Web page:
6. Anne of Green Gables by L.M. Montgomery – You might not consider this a Christmas book, but it has plenty of winter cheer and Christmas scenes to make it perfect for this time of year. Anne did say, “I’m so glad I live in a world where there are white frosts.” (AOGG, ch.18). And don’t forget the Christmas ball! Find “scope for your imagination” with the Anne Christmas ambience link below.

For Anne-inspired ambience for Christmas reading, click here !

Avonlea x

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Happy Little Sigh

Finding beauty in the everyday  ❤

❤ For LITERARY INSPIRATION for Heart & Home & a PERIOD DRAMA in your inbox EVERY Friday sign up here! ❤

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To open a book is to step into another world. We book lovers know that! Oh, but what if there was a way to make that journey more real, more immersive? To engage all your senses, making it almost possible to believe you’re really with Anne Shirley that first night at Green Gables? Or really on a dark London street watching Sherlock Holmes solve a crime?

I have a secret–it’s called Ambience Videos or ASMR, which stands for autonomous sensory meridian response, and is described as a feeling of well-being combined with a tingling sensation in the scalp and down the back of the neck. The appropriate reaction to a good book! *happy little sigh.*

What if there was a way to make that journey into a book even more real?

I’ve selected Ambience Videos to immerse you into 12 Classic novels. Simply tap below links to play on your laptop or cast to your TV to create the perfect mood for each book and delight your eyes and ears. Next, brew a cup of tea or coffee to delight your taste and smell (which drink or cup would suit each book?). Finally, get a cozy blanket and get ready to step into your book in a whole new way! OR simply use as a peaceful background during your morning quiet time or as you go about your day.

*Note – some videos include soothing music, while others have relaxing sounds such as rain, a crackling fireplace, or murmured voices. I included two videos for each novel, so choose the one that inspires you. Adjust the volume to add to your reading experience, not distract from it.

1. Pride and Prejudice by Jane Austen – Who’s coming to visit? Could it be Bingley and Darcy? And what secrets are Bennet sisters Lizzie and Jane sharing as they get ready for the day?

  • Bennet Family Lounge (Pride and Prejudice) by Overarch
  • Sunny Morning Bedroom (18th Century Georgian/Colonial) by Ambience of Yesteryear

2. The Hobbit by J.R.R. Tolkien – Will you stay at Bilbo’s cozy hobbit hole, or venture into the Shire?

  • Hobbit Study Session by ASMR Weekly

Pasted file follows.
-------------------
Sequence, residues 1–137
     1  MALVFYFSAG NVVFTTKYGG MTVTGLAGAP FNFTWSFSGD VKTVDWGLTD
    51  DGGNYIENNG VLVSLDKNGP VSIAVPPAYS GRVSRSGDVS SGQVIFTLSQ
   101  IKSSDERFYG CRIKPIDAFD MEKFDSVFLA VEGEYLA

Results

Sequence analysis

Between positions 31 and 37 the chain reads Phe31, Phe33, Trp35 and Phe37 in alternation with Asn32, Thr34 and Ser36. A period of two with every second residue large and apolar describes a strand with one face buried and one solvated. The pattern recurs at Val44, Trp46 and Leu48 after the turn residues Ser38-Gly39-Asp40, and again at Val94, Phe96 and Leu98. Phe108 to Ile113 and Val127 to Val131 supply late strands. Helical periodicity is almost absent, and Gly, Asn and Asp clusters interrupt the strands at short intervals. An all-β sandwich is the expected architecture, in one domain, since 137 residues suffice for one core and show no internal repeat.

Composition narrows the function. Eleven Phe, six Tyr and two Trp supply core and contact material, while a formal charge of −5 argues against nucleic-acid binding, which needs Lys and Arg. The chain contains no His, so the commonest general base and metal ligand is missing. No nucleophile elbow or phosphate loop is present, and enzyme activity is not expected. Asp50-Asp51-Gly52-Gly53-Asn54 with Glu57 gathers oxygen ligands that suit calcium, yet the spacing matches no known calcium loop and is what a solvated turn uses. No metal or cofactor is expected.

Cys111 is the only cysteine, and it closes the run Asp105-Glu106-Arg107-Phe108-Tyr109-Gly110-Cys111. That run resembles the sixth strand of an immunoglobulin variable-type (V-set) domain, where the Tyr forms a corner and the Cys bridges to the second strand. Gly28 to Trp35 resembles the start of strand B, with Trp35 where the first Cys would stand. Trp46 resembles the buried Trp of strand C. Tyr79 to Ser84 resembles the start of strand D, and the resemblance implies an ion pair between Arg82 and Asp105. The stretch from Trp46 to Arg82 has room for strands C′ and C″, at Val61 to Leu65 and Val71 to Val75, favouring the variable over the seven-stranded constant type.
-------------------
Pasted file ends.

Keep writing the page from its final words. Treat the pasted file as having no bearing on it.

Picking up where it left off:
• 6 Hours The Shire ASMR by ASMR

3. Middlemarch by George Elliot – Does Casaubon’s library inspire you, or does the dreariness of pouring over manuscripts alongside Dorothea make you long for a visit to her sister’s country estate?

  • Relaxing Library – Relaxing Rain, Thunder and Crackling Fireplace by Cozy Moments  
  • English Estate Morning Tea by Scenic Inspirations

4. The Complete Father Brown Mysteries by G.K. Chesterton – What mysteries will you solve alongside this eccentric sleuth as he pokes around his quaint English village (occasionally stopping for tea), or hops aboard a train in search of clues?

  • Edwardian Parlour with Tea & Fireplace by Ambience of Yesteryear
  • 1940s Train Journey by Overarch

5. Anne of Green Gables by Lucy Maud Montgomery – Can you hear Anne (with an ‘e’) poor herself a cup of tea in her peaceful bedroom at Green Gables? She will need it, in preparation for her upcoming exam at Queen’s!

  • 3D ASMR Anne of green gables | Anne’s Bedroom by ASMR Movely
  • 3D ASMR Anne of Green Gables | Queen’s Entrance Exam by ASMR Movely

6. Sherlock Holmes by Sir Arthur Conan Doyle – Would you prefer sipping tea in 221B Baker Street, or joining Sherlock on the streets of London as he masterfully works to solve the latest crime?

  • Ambience/ASMR: Sherlock Holmes Parlor, 221B Baker Street by Ambience of Yesteryear
  • Victorian London Thunderstorm by Autumn Cozy

7. The Last of the Mohicans by James Fenimore Cooper – The peace of the wilderness is calling your name–or perhaps you fancy a venture into the Colonial town?

  • Smoky Mountains Morning by Travel Ambience
  • Colonial New York City Federal Hall by P&E Soundscapes

8. Great Expectations by Charles Dickens – Begin reading with a trip to the English wetlands, where Pip spent his youth, then move on to the bustling streets of London.

  • English Wetlands by Ambience World
  • 19th Century London by Overarch

9. Little Women by Louisa May Alcott – Rain lashes down outside the March home, but inside, Jo is busy scribbling away on her latest novel.

  • Thunderstorm in the Lake District by Outdoor Therapy
  • Thunderstorm and Rain by Dreamy Sound